Friendship Circle of Columbus, the local chapter of an international organization, empowers teens to build communities in which people with disabilities are included as contributing members of society. Our network consists of dozens of student volunteers from local high schools and colleges trained to work with children of all ages and abilities. They get together for one-on-one and group activities that foster camaraderie, friendship, and fun. Trips to the zoo, visits to arcades, horse ranches, concerts, and other events enrich the lives of the volunteers and their buddies. 

The experiences build confidence, leading to more positive relationships in other areas of their lives — at school and at home. Friendship Circle also offers much-needed respite for parents and siblings, as well as fostering a connection with other families who share common goals.  Our core belief is that “everyone has a soul and deserves to be valued for who they are.” Friendship Circle exists to bring happiness and companionship to children and young adults with special needs by celebrating their individuality, as well as bringing energy, support, and peace of mind to their families.

To do this, we focus on developing the values of altruism, compassion, and acceptance in our teen volunteers as we heighten community awareness and sensitivity and encourage a sense of responsibility and involvement. Everyone in this world has a unique purpose. When we focus on abilities instead of disabilities; those with special needs can be part of the strongest friendships and influence people in positive ways that others can’t. Unwavering acceptance, positive thinking, honesty, and commitment are just a few of the important lessons these individuals teach by example. We have dozens of volunteer teens and college students from throughout Columbus and beyond. Interested volunteers should contact esther@friendscolumbus.com.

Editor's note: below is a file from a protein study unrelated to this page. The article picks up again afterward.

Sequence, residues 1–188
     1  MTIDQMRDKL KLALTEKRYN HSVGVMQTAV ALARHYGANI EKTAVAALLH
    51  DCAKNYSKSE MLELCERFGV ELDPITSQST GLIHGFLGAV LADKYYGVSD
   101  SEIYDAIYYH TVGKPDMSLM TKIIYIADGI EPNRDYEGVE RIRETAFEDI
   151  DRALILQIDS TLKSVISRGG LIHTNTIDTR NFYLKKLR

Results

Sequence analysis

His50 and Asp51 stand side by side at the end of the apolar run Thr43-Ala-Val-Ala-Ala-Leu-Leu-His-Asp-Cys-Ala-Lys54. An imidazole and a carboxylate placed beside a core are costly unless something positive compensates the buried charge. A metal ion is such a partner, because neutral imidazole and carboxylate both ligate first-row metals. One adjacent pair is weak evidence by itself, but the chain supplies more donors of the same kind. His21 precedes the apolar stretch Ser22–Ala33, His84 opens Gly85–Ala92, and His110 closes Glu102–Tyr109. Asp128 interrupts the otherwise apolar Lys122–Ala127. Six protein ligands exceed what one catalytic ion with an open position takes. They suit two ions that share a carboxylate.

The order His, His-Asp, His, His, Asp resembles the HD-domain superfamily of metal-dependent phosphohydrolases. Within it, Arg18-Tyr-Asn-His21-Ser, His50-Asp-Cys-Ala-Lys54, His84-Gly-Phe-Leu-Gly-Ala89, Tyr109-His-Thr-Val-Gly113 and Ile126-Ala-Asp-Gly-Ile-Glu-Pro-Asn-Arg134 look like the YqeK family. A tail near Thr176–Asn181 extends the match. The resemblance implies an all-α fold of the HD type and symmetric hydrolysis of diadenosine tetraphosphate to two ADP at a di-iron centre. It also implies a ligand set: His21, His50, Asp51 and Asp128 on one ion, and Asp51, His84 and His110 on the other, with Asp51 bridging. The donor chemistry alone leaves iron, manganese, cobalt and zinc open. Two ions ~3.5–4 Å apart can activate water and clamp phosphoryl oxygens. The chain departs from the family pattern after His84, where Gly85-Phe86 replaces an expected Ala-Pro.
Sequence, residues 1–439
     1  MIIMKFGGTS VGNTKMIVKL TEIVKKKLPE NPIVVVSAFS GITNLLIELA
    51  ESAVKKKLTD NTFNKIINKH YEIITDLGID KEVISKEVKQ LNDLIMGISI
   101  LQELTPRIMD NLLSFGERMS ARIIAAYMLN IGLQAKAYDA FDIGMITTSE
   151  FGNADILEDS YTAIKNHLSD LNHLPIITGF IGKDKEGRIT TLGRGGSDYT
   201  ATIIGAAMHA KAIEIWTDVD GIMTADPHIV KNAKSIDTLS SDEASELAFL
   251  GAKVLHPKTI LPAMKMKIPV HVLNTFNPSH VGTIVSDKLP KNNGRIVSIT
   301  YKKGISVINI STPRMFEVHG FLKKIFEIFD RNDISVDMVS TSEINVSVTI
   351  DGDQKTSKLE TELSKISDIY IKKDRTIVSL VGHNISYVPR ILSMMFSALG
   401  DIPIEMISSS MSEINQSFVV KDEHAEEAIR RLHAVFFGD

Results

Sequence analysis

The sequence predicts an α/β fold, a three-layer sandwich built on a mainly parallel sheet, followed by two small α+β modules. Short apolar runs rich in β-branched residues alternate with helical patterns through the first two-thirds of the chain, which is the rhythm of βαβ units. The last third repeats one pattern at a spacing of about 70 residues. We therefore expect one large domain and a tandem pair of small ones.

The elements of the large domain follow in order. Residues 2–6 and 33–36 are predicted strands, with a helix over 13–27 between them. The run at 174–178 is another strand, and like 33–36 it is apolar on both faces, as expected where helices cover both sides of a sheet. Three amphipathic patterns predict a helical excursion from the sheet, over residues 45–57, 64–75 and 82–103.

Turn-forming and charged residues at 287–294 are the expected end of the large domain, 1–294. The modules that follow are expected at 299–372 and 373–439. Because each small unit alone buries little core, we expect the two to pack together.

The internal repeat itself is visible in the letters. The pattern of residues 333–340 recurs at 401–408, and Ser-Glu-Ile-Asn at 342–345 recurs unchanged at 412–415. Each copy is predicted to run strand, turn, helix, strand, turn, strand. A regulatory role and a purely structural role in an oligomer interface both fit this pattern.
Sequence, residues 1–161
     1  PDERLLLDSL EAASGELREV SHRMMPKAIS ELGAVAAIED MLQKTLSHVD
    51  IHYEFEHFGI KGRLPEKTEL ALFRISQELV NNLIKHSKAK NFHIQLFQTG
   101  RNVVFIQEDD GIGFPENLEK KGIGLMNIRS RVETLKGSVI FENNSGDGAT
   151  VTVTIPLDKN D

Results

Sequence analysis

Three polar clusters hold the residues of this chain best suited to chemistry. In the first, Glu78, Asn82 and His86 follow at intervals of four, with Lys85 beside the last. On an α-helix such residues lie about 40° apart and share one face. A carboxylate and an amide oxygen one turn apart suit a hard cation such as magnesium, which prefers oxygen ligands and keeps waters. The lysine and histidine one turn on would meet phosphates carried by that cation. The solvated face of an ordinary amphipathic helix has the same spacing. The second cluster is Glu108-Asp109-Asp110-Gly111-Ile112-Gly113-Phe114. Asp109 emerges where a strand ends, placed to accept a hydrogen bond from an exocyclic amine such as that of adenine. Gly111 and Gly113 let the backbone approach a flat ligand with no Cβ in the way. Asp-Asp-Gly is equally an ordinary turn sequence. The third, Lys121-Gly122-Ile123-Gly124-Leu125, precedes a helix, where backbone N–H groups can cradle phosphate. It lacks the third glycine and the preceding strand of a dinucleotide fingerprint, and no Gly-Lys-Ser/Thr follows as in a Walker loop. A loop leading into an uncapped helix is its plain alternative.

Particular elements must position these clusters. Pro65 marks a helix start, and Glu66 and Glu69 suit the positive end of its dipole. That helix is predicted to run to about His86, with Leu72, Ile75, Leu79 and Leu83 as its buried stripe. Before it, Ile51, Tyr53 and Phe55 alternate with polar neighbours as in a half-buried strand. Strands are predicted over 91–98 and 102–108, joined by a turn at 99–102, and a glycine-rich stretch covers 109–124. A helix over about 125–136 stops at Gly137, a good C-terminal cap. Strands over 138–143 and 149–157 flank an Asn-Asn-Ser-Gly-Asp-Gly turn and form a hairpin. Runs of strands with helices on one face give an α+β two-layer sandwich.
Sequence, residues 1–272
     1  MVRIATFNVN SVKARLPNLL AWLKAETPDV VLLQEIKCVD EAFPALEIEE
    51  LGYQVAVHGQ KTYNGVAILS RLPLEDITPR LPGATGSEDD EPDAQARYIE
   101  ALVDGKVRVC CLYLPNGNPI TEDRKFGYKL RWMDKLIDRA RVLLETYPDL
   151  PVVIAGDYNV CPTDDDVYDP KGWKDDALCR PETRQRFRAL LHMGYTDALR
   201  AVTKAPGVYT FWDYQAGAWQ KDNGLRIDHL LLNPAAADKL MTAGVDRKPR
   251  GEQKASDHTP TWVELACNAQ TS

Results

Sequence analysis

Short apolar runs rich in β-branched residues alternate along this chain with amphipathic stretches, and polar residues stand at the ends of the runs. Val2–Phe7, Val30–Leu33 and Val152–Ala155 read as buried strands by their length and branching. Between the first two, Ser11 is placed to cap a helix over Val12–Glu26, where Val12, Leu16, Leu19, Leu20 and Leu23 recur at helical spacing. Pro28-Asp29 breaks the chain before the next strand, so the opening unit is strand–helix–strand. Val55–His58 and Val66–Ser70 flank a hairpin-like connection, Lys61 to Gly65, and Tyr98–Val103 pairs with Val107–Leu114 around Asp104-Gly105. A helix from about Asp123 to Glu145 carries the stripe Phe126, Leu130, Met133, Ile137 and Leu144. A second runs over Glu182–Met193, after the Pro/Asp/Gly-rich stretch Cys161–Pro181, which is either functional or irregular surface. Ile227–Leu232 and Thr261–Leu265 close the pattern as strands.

There are five areas of Friendship Circle:

Friends@Home. Every week, pairs of trained teenage volunteers visit children with special needs at home. These one-hour visits go a long way to curing loneliness through board games, stories, music, and play.

Family Fun Days. These events include outings for the whole family. Parents and siblings can watch the child hang out with peers and socialize. It’s also an opportunity to connect with other families. 

Sports Night. Sports are a great way to build friendships, confidence, and physical health. Volunteers help kids to shoot hoops, kick goals, throw and catch under the watchful eyes of a professional instructor.

Children’s Torah Circle. This program helps to teach children everything from gross motor and cognitive techniques to communication and language skills. Music, stories, arts and crafts, and socializing provide children with special needs varied ways to learn about their beautiful Jewish heritage.

Parent Events. These informal gatherings are for parents of volunteers and parents of the special buddies. They come together, enjoy some camaraderie, learn more about the program, and get their questions addressed.

 

 


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